Kansas Historical Quarterly - Notes - February 1944
(Vol. 13, No. 1), pages 110 to 112.
Transcribed by lhn;
digitized with permission of the Kansas Historical Society.
At special ceremonies on October 28, 1943, a stone was dedicated commemorating the immigration of the Kotosufka Mennonite congregation from Russia to Kansas. The stone, approximately three feet wide and nine feet high, stands four miles west of Moundridge near where the Santa Fe railroad erected the immigrant house in 1874. The marker reads:
IN MEMORY OF THE SWISS MENNONITE CONGREGATION OF KOTOSUFKA, VOLHYNIA, RUSSIA, WHOSE MEMBERS LEFT RUSSIA IN SEARCH OF RELIGIOUS LIBERTY, SIXTY-TWO FAMILIES SAILING ON THE "CITY OF RICHMOND." LANDING IN NEW YORK SEPTEMBER 3, 1874, AND IN OCTOBER ARRIVING ON THIS QUARTER SECTION (S. W. QUARTER SEC. 19-21-2W) WHICH WAS DONATED BY THE SANTA FE. RAILROAD COMPANY FOR CHURCH PURPOSES, AND WITH A FEW MORE FAMILIES ARRIVING LATER, SETTLED THIS NEIGHBORHOOD; AND IN GRATITUDE TO THEM AND TO OUR BELOVED COUNTRY, THE UNITED STATES OF AMERICA. WHICH GRACIOUSLY GRANTED THE RELIGIOUS LIBERTY SOUGHT; AND TO OUR HEAVENLY FATHER TO WHOM WE GIVE ALL THE HONOR; THEIR DESCENDANTS ERECTED THIS MONUMENT, OCTOBER, 1943
[and on the opposite side]
NAMES OF THE IMMIGRANT FAMILIES
ALBRECHT, DIRKS, FLICKNER, GOERING, GRABER, KAUFMAN, KREHBIEL, NACHTIGAL, SCHRAG, SCHROEDER, SCHWARTZ, STRAUSZ, STUCKY, SUTTER, VORAN, WALTNER, WEDEL, ZERGER.
The story of the colony was briefly reviewed in dedication notes printed in the Mennonite Weekly Review, of Newton, October 21, November 4 and 11.
All officers of the Lyon county chapter of the Kansas Historical Society were reelected at its annual membership meeting in the chapter's museum at Emporia December 11, 1943. The offIcers are George R. R. Pflaum, president; Mrs. Robert L. Jones, first vice-president; John A. Roberts, second vice-president; E. C. Ryan, secretary; John S. Langley, treasurer; Mrs. Fanny Randolph Vickrey, Mrs. F. L. Gilson and Miss Lucina Jones, historians. Elected for three-year terms as directors were: C. A. Paine, Ivy township; Robert D. Lumley, Fremont township; Mrs. J. C. McKinney, Jackson township; Miss Kate Langley, Center township, and Mrs. Alice Evans Snyder, Third ward, Emporia. The chapter now has 117 life members, 120 annual members, and three honorary members.
Miss Stella B. Haines was reelected president of the Augusta Historical Society at the annual meeting held January 17, 1944. Other officers are Mrs. S. C. Webb, vice-president; Mrs. A. V. Small, secretary, and Miss May Clark, treasurer. Dean Earl K. Hillbrand of the University of Wichita was the featured speaker at the annual meeting of the Native Sons and Daughters of Kansas in Topeka January 28, 1944. His subject was: "To Kansas, to Make It Free!" Newly-elected officers of the Native Daughters are Mrs. F. W. Hawes, Russell, president; Mrs. W. H. von der Heiden, Newton, vice-president; Mrs. John C. Nelson, Topeka, secretary, and Mrs, C. I. Moyer, Severance, treasurer. Mrs. George L. McClenny, Topeka, was the retiring president. Officers of the Native Sons are Nyle H. Miller, Topeka, president; Frank Haucke, Council Grove, vice-president; Judge Homer Hoch, Topeka, secretary, and Col. Will Zurbucken, Topeka, treasurer. W. M. Richards, Emporia., was the retiring president. The organization's annual essay and oratorical contests were won by Dean Gregory of Osborne, and Norbert Dreiling of Hays, respectively.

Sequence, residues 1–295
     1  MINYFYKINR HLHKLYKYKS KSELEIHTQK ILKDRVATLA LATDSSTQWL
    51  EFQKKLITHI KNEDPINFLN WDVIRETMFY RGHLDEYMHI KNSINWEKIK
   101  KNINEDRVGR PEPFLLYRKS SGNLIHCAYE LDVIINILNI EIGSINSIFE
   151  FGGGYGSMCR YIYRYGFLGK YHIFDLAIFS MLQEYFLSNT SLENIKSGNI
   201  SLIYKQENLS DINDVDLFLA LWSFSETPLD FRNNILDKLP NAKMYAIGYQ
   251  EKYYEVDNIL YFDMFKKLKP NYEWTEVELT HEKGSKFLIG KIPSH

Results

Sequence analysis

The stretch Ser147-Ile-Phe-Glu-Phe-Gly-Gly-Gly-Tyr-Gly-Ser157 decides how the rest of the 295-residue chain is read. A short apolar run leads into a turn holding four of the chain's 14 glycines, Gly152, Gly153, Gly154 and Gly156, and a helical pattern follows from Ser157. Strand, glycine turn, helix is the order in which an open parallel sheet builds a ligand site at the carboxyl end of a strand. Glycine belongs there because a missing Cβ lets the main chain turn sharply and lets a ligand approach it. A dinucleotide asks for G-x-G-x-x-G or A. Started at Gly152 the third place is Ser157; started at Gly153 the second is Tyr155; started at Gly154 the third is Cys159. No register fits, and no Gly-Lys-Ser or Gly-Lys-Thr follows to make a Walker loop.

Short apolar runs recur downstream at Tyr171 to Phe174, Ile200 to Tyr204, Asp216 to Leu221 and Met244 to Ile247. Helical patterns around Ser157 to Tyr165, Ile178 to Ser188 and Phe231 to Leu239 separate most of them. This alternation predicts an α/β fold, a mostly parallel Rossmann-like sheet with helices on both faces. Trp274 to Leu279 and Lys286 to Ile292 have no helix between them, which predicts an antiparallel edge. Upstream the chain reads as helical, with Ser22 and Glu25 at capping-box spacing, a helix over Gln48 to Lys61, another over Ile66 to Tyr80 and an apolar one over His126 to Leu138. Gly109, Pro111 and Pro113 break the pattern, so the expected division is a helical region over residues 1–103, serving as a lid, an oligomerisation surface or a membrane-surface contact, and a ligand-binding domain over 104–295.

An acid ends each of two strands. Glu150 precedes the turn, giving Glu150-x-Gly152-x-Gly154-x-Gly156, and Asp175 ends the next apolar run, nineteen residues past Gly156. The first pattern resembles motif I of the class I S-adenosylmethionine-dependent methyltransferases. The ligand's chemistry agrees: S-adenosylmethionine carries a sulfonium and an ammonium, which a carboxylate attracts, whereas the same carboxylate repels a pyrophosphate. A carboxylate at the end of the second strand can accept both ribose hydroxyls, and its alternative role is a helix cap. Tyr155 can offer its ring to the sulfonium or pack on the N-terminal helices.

At a meeting of the Riley County Historical Society in Manhattan February 5, 1944, Mrs. O. O. (Cora Kimble) Parker was elected president to succeed Charles W.Emmons who died January 26, and Mrs. Florence Fox Harrop was elected vice-president. Featured on the program were papers by Mrs. Harrop and Mrs. Clarence Johnson.
Newly-elected officers of the Kansas Commonwealth Club, of Wichita, are Herman Quinius, president; Bert A. Hedges, first vicepresident; Mrs. E. G. Cone, second vice-president; H. J. Quigley, third vice-president; Ralph Hinman, fourth vice-president; Mrs. Wallace E. Haines, recording secretary; Elsberry Martin, treasurer, and Ralph M. Cauthorn, executive secretary.
Wellington's museum, located under the National Bank of Commerce, is open for public inspection during regular banking hours. Pioneer relics of Wellington and vicinity, and displays from both World Wars are features of the collection. Because of the gasoline shortage and the pressure of war-related duties the plan to mark every mile of the Oregon trail through Kansas is proceeding slowly, according to John G. Ellenbecker of Marysville, president of the Kansas council of the American Pioneer Trails Association. The work is part of a general marking program spon-
112 KANSAS HISTORICAL QUARTERLY
sored by the Oregon council for the whole of the Oregon trail. Included among the Kansas county chairmen are H. C. Lathrop, Blue Rapids, Marshall county; Leo E. Dieker, Hanover, Washington county; George A. Root, Topeka, Shawnee county, and William E. Smith, Wamego, Pottawatomie county.
A twelve-page pamphlet entitled History of the First Presbyterian Church, Atchison, Kansas, by Dr. Charles Arthur Hawley, the minister, was published by the women's union of the church early in 1944. The church was started in 1858.
Methodism in Hays was reviewed in a twelve-page sixty-sixth anniversary booklet recently issued by the First Methodist Church of Hays. The first service was conducted by the Rev. Leonard Bell in a saloon in the latter part of 1873, but the church remained unorganized until 1878.
A study, "An Investigation of the Governmental Agencies of the State of Kansas," by Don E. Davis, has been published by the Kansas State Teachers College of Emporia as the twenty-seventh of the Studies in Education series. Mr. Davis lists eighty-five governmental agencies in Kansas. He tells how they were created, describes their organization, and briefly reviews their histories and duties.